A History of the Black Diamond Trail
Registration of early auto trails highlighted some of the growing pains associated with Iowa’s early 20th century development. Registration of the Black Diamond Trail was no exception. History of the trail’s inception reveals a dispute between two similarly marked and named routes, and an unsuccessful plea by a small community to be included.
In July 1916, William Merner, president of the Black Diamond Trail, submitted a route registration application to the Iowa State Highway Commission (ISHC) on behalf of his organization. Upon inspection, the application lacked two key pieces of information, a notarized signature and a traced route. As a lawyer from Cedar Falls, Merner acknowledged the importance of these requirements and promptly submitted a completed application. In September 1916, the application for the Black Diamond Trail was approved by the ISHC.
The tale of competing road associations
Within days of the Black Diamond Trail’s registration, the ISHC received an application from a similarly named route---the Diamond Trail. The ISHC notified the Diamond Trail’s sponsors that a similarity existed between their name and marker, and that of the Black Diamond Trail. Upon receipt of ISHC’s letter, R.J. Smith, president of the Diamond Trail, stated that his association was "indeed surprised." He was appalled by the notion that registration of the Diamond Trail could be delayed because of a "seeming" similarity.
Smith bolstered his claim that the Diamond Trail held greater prominence in the state over the Black Diamond Trail by stating that its route markers had already been installed between Des Moines and Iowa City; and they heralded a strong, positive response from local newspapers and citizens. "From Muscatine, West Liberty, Iowa City, the intermediate papers from there to Des Moines and including the Register Leader and the Evening Tribune have had at different times favorable comment upon our road." 1
The ISHC recognized that the two trail associations had incurred considerable expense in promoting their trails, and in purchasing route markers and installing them, so they took a contemplative approach to resolving the dispute.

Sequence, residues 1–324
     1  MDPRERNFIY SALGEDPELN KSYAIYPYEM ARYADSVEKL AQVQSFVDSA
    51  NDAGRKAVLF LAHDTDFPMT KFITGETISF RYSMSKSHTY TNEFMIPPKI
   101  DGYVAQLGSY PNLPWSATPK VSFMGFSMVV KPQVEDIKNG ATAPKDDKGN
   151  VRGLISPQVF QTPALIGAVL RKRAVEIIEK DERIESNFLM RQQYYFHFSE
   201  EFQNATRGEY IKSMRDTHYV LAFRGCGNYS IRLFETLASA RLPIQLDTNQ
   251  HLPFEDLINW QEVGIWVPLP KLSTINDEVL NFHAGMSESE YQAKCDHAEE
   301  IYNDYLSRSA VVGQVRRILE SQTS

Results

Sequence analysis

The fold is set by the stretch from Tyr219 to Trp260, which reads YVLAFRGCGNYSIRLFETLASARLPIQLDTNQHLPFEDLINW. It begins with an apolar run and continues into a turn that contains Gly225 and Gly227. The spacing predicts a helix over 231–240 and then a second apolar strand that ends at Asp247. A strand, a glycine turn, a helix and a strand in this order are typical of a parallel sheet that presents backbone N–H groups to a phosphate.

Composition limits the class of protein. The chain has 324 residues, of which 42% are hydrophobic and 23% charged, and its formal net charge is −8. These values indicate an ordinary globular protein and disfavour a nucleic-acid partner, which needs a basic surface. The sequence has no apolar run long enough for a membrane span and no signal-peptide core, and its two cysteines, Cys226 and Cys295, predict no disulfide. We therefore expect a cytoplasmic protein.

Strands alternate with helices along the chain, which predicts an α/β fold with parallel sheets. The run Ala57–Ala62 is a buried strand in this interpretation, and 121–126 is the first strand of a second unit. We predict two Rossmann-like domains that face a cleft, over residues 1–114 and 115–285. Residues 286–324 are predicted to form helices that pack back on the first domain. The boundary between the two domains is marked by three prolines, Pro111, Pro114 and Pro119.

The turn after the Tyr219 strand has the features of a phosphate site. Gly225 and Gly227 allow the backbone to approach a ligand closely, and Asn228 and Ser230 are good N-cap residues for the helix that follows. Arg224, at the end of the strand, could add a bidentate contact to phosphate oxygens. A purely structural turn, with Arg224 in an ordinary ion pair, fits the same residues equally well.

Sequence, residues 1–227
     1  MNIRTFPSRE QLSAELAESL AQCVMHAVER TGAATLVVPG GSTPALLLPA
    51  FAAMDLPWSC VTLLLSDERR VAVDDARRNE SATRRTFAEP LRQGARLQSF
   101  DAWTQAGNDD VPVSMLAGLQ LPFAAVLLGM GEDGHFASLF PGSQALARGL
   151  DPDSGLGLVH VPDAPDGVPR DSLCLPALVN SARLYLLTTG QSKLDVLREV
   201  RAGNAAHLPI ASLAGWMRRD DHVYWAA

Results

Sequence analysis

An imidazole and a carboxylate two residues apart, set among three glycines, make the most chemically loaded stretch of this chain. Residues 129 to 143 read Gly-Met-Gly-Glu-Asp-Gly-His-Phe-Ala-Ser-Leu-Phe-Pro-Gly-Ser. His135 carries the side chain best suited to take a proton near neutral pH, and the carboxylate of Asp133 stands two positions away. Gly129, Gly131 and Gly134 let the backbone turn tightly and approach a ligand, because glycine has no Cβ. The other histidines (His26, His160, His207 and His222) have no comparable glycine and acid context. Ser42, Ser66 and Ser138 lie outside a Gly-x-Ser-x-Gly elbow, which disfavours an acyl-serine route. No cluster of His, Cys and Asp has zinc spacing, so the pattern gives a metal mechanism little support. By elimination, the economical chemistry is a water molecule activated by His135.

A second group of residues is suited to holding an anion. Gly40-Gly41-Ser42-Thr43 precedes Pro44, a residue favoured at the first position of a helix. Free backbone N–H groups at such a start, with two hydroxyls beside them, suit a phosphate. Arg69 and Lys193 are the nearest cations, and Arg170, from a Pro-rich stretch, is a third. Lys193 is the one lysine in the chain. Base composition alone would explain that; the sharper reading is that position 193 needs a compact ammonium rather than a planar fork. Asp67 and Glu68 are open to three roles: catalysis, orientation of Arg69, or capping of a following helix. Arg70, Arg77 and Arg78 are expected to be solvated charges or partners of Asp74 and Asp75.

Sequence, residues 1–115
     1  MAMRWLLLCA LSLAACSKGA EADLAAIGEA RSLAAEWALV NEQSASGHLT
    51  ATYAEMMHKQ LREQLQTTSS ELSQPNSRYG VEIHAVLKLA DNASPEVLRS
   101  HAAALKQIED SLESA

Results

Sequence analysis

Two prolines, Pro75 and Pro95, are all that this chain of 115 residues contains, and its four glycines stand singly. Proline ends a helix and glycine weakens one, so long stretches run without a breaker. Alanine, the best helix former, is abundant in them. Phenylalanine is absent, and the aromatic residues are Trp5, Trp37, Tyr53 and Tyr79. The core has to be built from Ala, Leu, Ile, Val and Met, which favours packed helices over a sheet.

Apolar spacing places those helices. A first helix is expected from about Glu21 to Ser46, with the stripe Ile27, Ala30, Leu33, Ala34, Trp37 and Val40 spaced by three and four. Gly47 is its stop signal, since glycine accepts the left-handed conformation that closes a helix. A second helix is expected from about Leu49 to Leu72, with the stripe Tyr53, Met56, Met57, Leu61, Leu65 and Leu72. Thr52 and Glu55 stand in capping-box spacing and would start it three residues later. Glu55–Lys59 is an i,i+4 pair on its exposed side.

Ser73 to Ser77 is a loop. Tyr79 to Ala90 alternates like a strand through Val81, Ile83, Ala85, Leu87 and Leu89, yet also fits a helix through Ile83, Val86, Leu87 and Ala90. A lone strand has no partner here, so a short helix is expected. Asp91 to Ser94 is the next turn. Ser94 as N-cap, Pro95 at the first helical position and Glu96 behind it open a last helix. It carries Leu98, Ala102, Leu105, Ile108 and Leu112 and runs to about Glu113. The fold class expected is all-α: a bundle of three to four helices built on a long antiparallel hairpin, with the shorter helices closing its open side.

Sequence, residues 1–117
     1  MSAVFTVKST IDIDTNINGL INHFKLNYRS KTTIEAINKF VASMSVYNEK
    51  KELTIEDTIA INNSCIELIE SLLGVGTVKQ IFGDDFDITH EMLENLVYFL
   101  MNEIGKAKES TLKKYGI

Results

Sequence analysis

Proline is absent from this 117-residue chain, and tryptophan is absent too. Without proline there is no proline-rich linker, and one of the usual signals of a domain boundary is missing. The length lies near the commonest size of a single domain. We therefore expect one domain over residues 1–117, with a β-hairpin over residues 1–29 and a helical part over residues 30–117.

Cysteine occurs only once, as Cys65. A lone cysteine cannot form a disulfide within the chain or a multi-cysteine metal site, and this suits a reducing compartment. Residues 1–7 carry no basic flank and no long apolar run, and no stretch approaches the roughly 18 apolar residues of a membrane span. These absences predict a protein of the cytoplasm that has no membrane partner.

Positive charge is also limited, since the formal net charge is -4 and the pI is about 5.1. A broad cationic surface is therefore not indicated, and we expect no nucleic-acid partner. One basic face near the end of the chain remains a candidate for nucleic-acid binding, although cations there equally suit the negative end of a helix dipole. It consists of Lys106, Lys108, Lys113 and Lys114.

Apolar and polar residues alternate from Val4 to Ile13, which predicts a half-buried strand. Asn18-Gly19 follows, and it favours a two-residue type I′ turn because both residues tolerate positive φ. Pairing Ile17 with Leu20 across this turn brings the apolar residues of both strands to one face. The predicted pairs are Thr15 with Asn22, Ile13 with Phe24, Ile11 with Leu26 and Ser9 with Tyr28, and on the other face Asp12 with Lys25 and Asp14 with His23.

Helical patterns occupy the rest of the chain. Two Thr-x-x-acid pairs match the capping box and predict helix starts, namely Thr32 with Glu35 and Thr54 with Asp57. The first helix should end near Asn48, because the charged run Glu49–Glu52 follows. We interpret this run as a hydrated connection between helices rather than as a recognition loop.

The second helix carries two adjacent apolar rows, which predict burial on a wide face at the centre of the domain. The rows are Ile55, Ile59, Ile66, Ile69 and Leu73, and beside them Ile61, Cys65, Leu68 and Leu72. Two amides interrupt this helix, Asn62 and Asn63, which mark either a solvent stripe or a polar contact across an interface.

The ISHC began its deliberation by trying to fairly and accurately interpret the intent and meaning of the 1913 road law with respect to assuring that route markers had distinguishing characteristics. The law stated, "It shall be unlawful for any person or association of persons to use for similar purposes the name, any recorded color combination and designs herein referred to."2 The Black Diamond Trail’s marker was a solid black diamond on a white background; whereas, the Diamond Trail’s marker was an open diamond on a yellow background. While clearly not identical, the markers had similarities.
Because a decision in this matter was not easily rendered, the IHSC decided it would attempt to mediate a resolution between the two parties. Mediation proved to be a fairly common way for the commission to resolve disputes during the road association era.
Rather than bringing both parties together to facilitate a joint mediation process, ISHC Chief Engineer Thomas MacDonald corresponded with Smith, and ISHC Chief Clerk F. W. Parrott with Merner. Unfortunately, correspondence between the parties overlapped, and both associations were left with the notion that they were the one in compliance with the registration requirements.
Despite the fact that Black Diamond Trail President William Merner had conceded during the mediation process that similarity between the two marker designs could be "confusing and misleading" to travelers, and he expressed a willingness to alter their design, the IHSC ultimately approved both the Black Diamond Trail and Diamond Trail registrations, without alterations to their names or marker designs.
Le Grand pleads for inclusion
In 1919, the Black Diamond Trail once again took center political stage when a push was made to reroute the road through the community of Le Grand. The individual behind the push was Corwin O’ Neal, editor and proprietor of the Le Grand Reporter. O’Neal believed that communities located on ISHC-registered routes where afforded social and economic advantages over those that were not. So, he sought to have alignment of the Black Diamond Trail changed so that it would run through Le Grand.
After corresponding with the Kenyon Map Company in Des Moines, O’Neal was more convinced than ever that the Black Diamond Trail should be rerouted to connect it with the Lincoln Highway. He asserted that rerouting the road would "be of benefit to our people along that line." O’Neal also alleged that Le Grand was being denied the economic opportunities of other communities due to the "piece of work which is being pulled west of us at the instance of our county engineer, A.A. Moore."3 O’Neal was referring to the city of Marshalltown as the community being given the unfair advantage.
Although a formal request to reroute the Black Diamond Trail was submitted to the ISHC, the commission informed O’Neal that they had no statutory authority to alter the trail, unless the road association’s president and secretary approved.
While no road association records exist that suggest a resolution to O’Neal’s pleas, this story points out that --- roads were perceived as key to the economic well-being of a community and served as a status symbol for many small towns. Simply, being a part of the trail/road network was deemed essential to a community’s continued growth.
1Letter from R. J. Smith to Iowa Highway Commissioner, September 26, 1916, Box 1, HA2.009.
2General Assembly File S.F. 521, Chapter 125, Section 4, approved 1913.
3Letter from Corwin O’ Neal to IHC, June 16, 1919, Box 1, HA2.009.